|Quarter over Quarter||0.3%||0.4%||0.4%|
|Year over Year||1.2%||1.5%||1.0%|
The Eurozone's flash estimate of second quarter economic growth was revised higher in the first full look at the region's national accounts. At 0.4 percent, the quarterly rate of expansion was up a tick versus its preliminary reading and strong enough to boost annual growth by 0.3 percentage points to 1.5 percent, its best performance since the second quarter of 2011. The first quarter was also revised firmer and now shows real GDP 0.5 percent higher than in the final quarter of 2014.
However, while the boost to headline growth is good news the GDP expenditure components confirm a disproportionately large contribution from oversea demand. Hence while household consumption also rose 0.4 percent on the quarter, gross fixed capital formation contracted 0.5 percent which, with government consumption up 0.3 percent, meant that domestic final sales added a just 0.2 percentage points to the quarterly change in total output. Inventories subtracted 0.1 percentage points.
Rather, by far the largest positive impact came from exports where a 1.6 percent quarterly bounce lifted GDP economic growth by some 0.7 percentage points. Imports were up 1.0 percent which left an overall net export contribution of 0.3 percentage points.
Amongst the individual member states, the strongest quarterly rise was registered in Latvia (1.2 percent) ahead of Malta (1.1 percent) and Spain (1.0 percent). Slovakia (0.8 percent) also had a good period and no country recorded a contraction. For the other larger economies Germany (0.4 percent) led the way ahead of Italy (0.3 percent) but France only stagnated and overall Eurozone growth had to rely heavily on the smaller countries. Finland saw its first increase in total output since the second quarter of last year.
The revised second quarter data make only cautiously positive reading. But for the help of exports the Eurozone economy would have been close to stagnation. Household consumption slowed for a second consecutive quarter and a renewed fall in investment does not bode well for future output. The economy seems to have turned the corner but the upswing remains quite sluggish. Talk of another ECB stimulus will not go away.
Gross domestic product (GDP) is the broadest measure of aggregate economic activity and encompasses every sector of the economy. The data are an aggregate for the 19 countries that currently comprise the Eurozone. This number is scheduled to increase over coming years.
GDP is the all-inclusive measure of economic activity. Investors need to closely track the economy because it usually dictates how investments will perform. Stock market Investors like to see healthy economic growth because robust business activity translates to higher corporate profits. The GDP report contains a treasure-trove of information which not only paints an image of the overall economy, but tells investors about important trends within the big picture. These data, which follow the international classification system (SNA93), are readily comparable to other industrialized countries. GDP components such as consumer spending, business and residential investment, and price (inflation) indexes illuminate the economy's undercurrents, which can translate to investment opportunities and guidance in managing a portfolio.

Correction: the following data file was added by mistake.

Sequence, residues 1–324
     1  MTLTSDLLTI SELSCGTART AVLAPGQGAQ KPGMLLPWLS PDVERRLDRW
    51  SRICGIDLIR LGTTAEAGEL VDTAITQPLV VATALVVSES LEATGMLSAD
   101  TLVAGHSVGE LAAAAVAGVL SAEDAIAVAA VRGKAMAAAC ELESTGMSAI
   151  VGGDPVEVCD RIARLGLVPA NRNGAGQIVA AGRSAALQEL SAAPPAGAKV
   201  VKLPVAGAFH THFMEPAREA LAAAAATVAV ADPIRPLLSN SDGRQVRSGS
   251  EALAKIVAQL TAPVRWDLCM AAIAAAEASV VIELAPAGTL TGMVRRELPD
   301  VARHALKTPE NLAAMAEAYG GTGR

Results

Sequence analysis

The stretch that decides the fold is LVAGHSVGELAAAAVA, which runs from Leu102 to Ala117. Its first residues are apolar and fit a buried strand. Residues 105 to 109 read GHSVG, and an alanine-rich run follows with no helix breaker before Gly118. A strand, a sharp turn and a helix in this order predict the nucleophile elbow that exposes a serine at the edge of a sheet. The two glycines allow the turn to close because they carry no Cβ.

Each financial market reacts differently to GDP data because of their focus. For example, equity market participants cheer healthy economic growth because it improves the corporate profit outlook while weak growth generally means anemic earnings. Equities generally drop on disappointing growth and climb on good growth prospects.
Bond or fixed income markets are contrarians. They prefer weak growth so that there is less of a chance of higher central bank interest rates and inflation. When GDP growth is poor or negative it indicates anemic or negative economic activity. Bond prices will rise and interest rates will fall. When growth is positive and good, interest rates will be higher and bond prices lower.
Currency traders prefer healthy growth and higher interest rates. Both typically lead to increased demand for a local currency. However, inflationary pressures can put downside pressure on a currency regardless of growth. For example, if inflation remains above the ECBâ€™s near-2 percent target for long enough, worries about the impact of lost competitiveness on the merchandise trade balance could prompt investors to switch to an alternative currency.